• Potassium administration via the intravenous route should only be used when the oral or enteral route is not available or will not achieve the required increase of serum potassium within a clinically acceptable time.
  • Wherever possible commercially available ready to use diluted solutions should be prescribed and used.
  • During initial replacement it may be preferable to use premixed infusions that are glucose-free.
  • Administration should be via a volumetric infusion pump.
  • The concentration of potassium for intravenous administration via a peripheral line should not exceed 40mmol/L, as higher strengths can cause phlebitis and pain.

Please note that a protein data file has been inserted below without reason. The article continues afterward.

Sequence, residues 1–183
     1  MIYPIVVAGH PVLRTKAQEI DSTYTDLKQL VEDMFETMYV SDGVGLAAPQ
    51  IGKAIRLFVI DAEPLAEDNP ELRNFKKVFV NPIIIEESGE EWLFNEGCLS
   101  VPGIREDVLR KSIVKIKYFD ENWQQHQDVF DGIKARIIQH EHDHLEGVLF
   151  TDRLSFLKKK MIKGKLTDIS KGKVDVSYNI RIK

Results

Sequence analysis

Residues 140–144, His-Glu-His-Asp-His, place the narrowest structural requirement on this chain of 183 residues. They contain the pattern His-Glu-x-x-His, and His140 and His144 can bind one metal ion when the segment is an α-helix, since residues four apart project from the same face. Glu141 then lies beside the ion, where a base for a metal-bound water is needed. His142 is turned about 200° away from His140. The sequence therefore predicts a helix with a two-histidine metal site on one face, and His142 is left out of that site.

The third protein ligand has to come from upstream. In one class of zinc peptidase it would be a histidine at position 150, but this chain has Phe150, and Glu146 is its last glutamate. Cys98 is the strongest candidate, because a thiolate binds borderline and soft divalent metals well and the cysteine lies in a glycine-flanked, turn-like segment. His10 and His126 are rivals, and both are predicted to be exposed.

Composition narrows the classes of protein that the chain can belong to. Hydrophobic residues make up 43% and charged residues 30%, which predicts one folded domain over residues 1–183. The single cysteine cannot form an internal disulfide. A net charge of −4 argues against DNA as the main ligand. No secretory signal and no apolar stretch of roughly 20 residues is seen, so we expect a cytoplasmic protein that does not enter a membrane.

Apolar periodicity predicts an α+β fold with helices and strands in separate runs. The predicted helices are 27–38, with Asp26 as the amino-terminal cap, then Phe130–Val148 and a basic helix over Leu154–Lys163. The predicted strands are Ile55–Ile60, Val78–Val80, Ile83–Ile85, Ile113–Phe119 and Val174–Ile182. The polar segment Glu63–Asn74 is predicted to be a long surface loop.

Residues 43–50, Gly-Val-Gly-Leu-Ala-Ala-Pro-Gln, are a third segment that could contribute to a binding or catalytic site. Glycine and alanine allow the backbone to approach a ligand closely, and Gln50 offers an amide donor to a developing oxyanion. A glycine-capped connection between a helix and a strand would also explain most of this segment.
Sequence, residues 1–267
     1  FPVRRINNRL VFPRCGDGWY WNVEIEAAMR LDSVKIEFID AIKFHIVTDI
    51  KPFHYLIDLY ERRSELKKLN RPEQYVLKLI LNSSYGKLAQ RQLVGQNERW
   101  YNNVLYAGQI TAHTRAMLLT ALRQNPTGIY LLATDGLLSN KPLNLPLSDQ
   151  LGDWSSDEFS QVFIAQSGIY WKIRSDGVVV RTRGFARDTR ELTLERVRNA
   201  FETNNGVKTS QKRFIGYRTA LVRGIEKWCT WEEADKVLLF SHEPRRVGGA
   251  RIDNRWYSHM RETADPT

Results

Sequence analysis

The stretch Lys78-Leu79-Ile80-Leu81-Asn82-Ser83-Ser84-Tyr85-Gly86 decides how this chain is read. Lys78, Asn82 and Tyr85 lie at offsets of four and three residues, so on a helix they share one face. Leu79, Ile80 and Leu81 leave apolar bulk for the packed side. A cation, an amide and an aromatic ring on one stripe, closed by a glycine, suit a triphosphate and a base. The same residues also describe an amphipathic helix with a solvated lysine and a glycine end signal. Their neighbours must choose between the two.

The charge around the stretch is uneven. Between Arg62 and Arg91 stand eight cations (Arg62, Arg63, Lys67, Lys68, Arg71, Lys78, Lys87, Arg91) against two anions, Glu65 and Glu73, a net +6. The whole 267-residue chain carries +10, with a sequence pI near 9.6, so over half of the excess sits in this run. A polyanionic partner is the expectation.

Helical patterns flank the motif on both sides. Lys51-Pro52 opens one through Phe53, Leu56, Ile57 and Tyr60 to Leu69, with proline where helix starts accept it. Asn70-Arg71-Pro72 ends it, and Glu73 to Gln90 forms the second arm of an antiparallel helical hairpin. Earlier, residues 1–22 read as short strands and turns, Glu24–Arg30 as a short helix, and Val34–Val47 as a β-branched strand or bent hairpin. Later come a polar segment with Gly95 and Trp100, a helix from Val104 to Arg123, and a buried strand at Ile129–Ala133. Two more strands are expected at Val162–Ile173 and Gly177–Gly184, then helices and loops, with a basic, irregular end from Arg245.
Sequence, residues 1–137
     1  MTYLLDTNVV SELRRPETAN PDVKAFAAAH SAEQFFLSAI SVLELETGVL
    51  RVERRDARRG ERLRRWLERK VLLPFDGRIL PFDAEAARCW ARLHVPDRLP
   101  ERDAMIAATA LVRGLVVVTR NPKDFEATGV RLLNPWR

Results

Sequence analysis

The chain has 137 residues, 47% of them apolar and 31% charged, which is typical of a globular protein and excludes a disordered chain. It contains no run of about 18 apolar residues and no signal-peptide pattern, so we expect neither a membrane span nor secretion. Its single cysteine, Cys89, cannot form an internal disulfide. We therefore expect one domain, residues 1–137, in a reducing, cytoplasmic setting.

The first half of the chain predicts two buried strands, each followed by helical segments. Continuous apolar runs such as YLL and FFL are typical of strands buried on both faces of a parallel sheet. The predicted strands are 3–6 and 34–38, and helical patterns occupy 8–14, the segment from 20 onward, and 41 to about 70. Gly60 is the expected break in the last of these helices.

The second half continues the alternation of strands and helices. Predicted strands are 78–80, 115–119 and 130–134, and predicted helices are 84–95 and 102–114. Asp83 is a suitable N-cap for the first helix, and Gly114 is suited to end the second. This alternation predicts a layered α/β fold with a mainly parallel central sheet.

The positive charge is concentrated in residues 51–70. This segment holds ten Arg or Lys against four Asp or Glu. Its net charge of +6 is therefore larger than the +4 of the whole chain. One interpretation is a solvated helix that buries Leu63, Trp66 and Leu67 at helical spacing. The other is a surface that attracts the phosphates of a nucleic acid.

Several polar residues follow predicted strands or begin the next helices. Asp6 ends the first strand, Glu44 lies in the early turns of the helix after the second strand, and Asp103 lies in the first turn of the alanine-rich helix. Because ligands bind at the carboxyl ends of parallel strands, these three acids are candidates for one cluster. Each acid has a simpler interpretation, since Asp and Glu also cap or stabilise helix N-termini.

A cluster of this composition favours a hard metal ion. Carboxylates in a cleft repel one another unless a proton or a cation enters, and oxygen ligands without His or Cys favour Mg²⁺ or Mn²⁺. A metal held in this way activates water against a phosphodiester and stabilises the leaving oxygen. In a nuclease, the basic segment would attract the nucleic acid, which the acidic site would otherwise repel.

• The infusion site should be checked regularly for redness and inflammation.
  • Higher concentrations have been given in severe cases of hypokalaemia but should be given via the central venous route and require infusion pump control.
  • The rate of administration should not normally exceed 10mmol/hour.
  • Administration rates above 20mmol/hour require cardiac monitoring.
  • Electrolytes should be monitored to determine the need for further infusions and to avoid hyperkalaemia.
  • Treatment of hypokalaemia may require both potassium and magnesium repletion.


Print this page